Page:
Eccolo Media just released its third annual B2B Technology Collateral Survey Report. Working with Global Marketing Insite, Eccolo surveyed 500 C-level execs, vice presidents, managers, directors, developers/ programmers, and technicians about their use of the following in the research and decision process:
- White papers
- Case studies
- Brochures and data sheets
- Audio or podcasted content
- Video collateral (i.e., webinars, product tutorials/demos, marketing videos, and customer testimonials)
All respondents were responsible for either making or influencing B2B technology purchases for companies of all sizes.
- The quality, format, length, and topic of marketing collateral, along with the ways in which it is made available, substantially affects the purchase decision.
- The majority of respondents consumed most content in the pre-sales phase of the sales cycle.
White Papers Take Top Billing
While brochures and data sheets were the most frequently consumed collateral type, for the third year in a row, white papers were rated the most influential in the purchasing decision process. White papers were also the most frequently shared type of content.
When asked what most disappointed in a white paper, poor writing ranked number one. One surprise in the findings – the respondents said they're more disappointed when a white paper doesn't contain enough technical information than when a paper contains too much.
My thought about this finding is that it depends on who is reading the paper and at what stage in the buying cycle. It's true that technical decision makers are likely going to seek technical details – and will want more details further along in the buying cycle. But business decision makers are likely more interested in understanding how a solution can help improve business processes, help the company achieve it's strategic goals, etc.
The majority of respondents indicated a preference for white papers between 4-8 pages. Eccolo's findings about ideal length for a white paper are somewhat in line with the research by TechWeb. In its Tech Marketing Best Practices Research Series on white papers, TechWeb found that 86% of IT buyers want white papers under 10 pages, with 50% wanting papers under 5 pages. Interestingly, between last year's survey and this one, Eccolo found that respondents are slightly shifting their preference from shorter to longer papers.
Case Studies Come in Second
Case studies were rated the second-most influential content type after white papers, the same result as Eccolo's 2009 survey. Respondents greatly preferred written case studies over audio or video versions, in spite of much talk these days about growing consumption of audio and video case studies. In fact, the respondents also overwhelmingly chose written case studies as the most influential of the three formats.
When it comes to preferred length of case studies, the majority of respondents chose four pages. The preferences indicated in the chart below closely match the numbers in last year's survey results. Turns out the preferred length of a case study closely correlates to the prospect's company size, with those in larger companies preferring longer case studies, while those in small companies prefer two-pagers.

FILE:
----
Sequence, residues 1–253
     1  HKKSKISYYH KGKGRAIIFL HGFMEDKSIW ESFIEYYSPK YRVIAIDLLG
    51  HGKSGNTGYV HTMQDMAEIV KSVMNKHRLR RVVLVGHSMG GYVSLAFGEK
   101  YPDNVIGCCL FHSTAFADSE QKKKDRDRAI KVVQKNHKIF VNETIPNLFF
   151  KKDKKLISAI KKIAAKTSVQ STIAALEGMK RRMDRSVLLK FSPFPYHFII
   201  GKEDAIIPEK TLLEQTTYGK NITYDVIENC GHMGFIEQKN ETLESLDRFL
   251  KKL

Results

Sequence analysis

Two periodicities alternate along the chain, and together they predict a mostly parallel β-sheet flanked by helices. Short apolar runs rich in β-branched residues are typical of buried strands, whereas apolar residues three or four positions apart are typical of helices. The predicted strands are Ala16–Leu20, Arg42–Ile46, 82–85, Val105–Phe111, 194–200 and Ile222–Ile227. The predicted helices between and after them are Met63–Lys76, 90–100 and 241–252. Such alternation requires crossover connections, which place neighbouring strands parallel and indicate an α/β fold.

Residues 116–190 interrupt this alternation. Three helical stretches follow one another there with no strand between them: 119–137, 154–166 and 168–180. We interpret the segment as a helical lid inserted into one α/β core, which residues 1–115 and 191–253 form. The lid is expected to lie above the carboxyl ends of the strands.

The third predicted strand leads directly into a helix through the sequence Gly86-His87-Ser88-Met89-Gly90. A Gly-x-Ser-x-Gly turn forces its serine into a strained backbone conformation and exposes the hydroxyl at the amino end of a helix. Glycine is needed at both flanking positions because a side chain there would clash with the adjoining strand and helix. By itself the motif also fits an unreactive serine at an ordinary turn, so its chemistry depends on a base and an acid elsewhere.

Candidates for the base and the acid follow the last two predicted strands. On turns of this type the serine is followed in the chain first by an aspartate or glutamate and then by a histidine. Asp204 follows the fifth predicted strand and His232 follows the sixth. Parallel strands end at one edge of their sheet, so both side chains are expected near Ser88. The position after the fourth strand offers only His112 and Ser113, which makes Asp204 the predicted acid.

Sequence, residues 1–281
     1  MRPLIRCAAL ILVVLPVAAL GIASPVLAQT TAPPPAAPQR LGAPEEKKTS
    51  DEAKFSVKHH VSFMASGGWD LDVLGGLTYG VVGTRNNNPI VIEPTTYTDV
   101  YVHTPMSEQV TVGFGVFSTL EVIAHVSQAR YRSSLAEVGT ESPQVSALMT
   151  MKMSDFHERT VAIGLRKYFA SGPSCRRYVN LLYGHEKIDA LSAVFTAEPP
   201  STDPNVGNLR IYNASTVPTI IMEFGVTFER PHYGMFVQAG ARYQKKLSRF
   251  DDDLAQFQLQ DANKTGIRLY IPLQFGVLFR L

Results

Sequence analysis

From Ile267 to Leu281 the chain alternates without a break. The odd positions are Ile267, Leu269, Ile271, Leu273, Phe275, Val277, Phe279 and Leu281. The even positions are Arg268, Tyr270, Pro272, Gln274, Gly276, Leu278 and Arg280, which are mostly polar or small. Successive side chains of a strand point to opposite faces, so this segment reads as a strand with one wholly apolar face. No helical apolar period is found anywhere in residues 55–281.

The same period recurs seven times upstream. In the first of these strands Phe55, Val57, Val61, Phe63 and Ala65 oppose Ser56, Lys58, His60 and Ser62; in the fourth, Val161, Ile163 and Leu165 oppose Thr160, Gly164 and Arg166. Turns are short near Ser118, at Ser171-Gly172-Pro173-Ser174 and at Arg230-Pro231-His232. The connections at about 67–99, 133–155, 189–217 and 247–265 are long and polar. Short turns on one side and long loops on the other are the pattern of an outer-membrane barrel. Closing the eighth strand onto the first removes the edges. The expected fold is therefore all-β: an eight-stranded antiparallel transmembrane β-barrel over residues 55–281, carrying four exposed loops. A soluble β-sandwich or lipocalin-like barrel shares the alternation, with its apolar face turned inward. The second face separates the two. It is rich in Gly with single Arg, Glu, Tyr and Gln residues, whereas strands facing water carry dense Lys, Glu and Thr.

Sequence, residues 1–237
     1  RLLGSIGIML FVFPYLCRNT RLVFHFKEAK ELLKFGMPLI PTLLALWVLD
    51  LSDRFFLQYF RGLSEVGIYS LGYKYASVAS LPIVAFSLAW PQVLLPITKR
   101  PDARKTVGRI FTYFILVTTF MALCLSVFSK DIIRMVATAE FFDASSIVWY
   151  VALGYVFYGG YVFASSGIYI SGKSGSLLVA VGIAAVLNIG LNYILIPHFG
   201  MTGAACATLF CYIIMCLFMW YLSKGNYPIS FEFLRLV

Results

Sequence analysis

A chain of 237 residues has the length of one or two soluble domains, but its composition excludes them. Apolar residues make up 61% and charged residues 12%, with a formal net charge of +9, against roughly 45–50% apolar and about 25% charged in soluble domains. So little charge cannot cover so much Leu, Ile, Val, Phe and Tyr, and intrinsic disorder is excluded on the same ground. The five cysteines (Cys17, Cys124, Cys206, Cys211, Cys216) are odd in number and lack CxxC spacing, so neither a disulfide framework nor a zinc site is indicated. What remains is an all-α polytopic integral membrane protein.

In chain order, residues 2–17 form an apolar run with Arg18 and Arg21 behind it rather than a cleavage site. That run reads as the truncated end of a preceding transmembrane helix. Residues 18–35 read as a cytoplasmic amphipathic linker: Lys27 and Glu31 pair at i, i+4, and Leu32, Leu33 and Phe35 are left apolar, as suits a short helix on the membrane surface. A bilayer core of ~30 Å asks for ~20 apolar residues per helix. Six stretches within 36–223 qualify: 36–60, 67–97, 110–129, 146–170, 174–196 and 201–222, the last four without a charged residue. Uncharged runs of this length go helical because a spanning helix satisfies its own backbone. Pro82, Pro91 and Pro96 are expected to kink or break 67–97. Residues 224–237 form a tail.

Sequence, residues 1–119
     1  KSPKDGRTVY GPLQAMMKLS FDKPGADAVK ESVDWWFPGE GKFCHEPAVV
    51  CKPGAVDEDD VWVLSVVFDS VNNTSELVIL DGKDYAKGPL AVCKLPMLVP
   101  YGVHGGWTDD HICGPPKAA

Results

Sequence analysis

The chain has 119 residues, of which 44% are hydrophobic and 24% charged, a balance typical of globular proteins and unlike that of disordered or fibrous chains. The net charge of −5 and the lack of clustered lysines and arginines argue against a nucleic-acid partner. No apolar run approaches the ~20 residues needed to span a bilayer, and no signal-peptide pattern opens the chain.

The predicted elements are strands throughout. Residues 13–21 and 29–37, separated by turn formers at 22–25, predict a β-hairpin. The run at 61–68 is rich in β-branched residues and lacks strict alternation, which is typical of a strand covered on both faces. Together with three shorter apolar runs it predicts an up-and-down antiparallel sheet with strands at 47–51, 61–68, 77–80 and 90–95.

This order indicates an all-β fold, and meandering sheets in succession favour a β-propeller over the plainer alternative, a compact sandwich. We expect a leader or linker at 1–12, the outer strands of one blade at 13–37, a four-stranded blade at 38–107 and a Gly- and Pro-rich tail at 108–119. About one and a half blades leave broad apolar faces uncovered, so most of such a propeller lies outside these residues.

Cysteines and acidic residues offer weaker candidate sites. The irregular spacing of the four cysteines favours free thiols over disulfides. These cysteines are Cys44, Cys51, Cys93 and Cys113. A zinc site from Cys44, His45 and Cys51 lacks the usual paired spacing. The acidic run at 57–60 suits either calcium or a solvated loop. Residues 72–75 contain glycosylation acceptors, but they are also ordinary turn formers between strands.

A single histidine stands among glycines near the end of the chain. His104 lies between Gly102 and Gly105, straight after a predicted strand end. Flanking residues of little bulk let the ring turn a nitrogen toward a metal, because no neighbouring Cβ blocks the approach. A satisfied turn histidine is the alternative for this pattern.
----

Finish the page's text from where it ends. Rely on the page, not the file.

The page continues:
How Prospects Find Content
The majority of survey respondents got hold of written collateral through a corporate website, which is similar to 2009's findings. Other channels included direct mail, RSS feeds, link or discussion in social media site, webinar follow-up, forwarded by sales rep or personal contact. I find it interesting that Eccolo didn't offer third-party sites as a potential source of this content, since many tech buyers download white papers and other content from sites such as IT Business Edge, TechTarget, etc.
When Prospects Consume Content
When Eccolo mapped content consumption habits to the buying cycle, it found that the majority of content is consumed early on. In fact, Eccolo found that, in general, influencers tend to consume content earlier in the sales cycle than decision makers. That said, prospects are consuming more content in the middle stages this year than in past years.
This aligns with findings by TechTarget in its 2009 Media Consumption Report: Mindset of the IT Pro During the Recession, as you can see in the chart below.
I'd like to know how tech buyers are responding to eBooks, as we are seeing more of these in the mix (see chart above). A number of companies have realized great success with these, including Lumension (see my post explaining Lumension's process for developing and promoting its first eBook, which was downloaded over 7,000 times). Jonathan Kranz included a mini case study in his eBook about eBooks about Dow Jones' success with its Taxonomy Folksonomy Cookbook eBook, which was downloaded more than 1,600 times and pumped 50 solid business opportunities into the sales pipeline.
The 31-page Eccolo Media 2010 B2B Technology Collateral Survey Report is well worth reviewing for more insights around content preferences and consumption patterns. You can download it after registering.
About the author: Stephanie Tilton is a content marketing consultant who helps B2B companies craft content that nurtures leads and advances the buying cycle. You can follow her on Twitter or read more of her posts on SavvyB2B.
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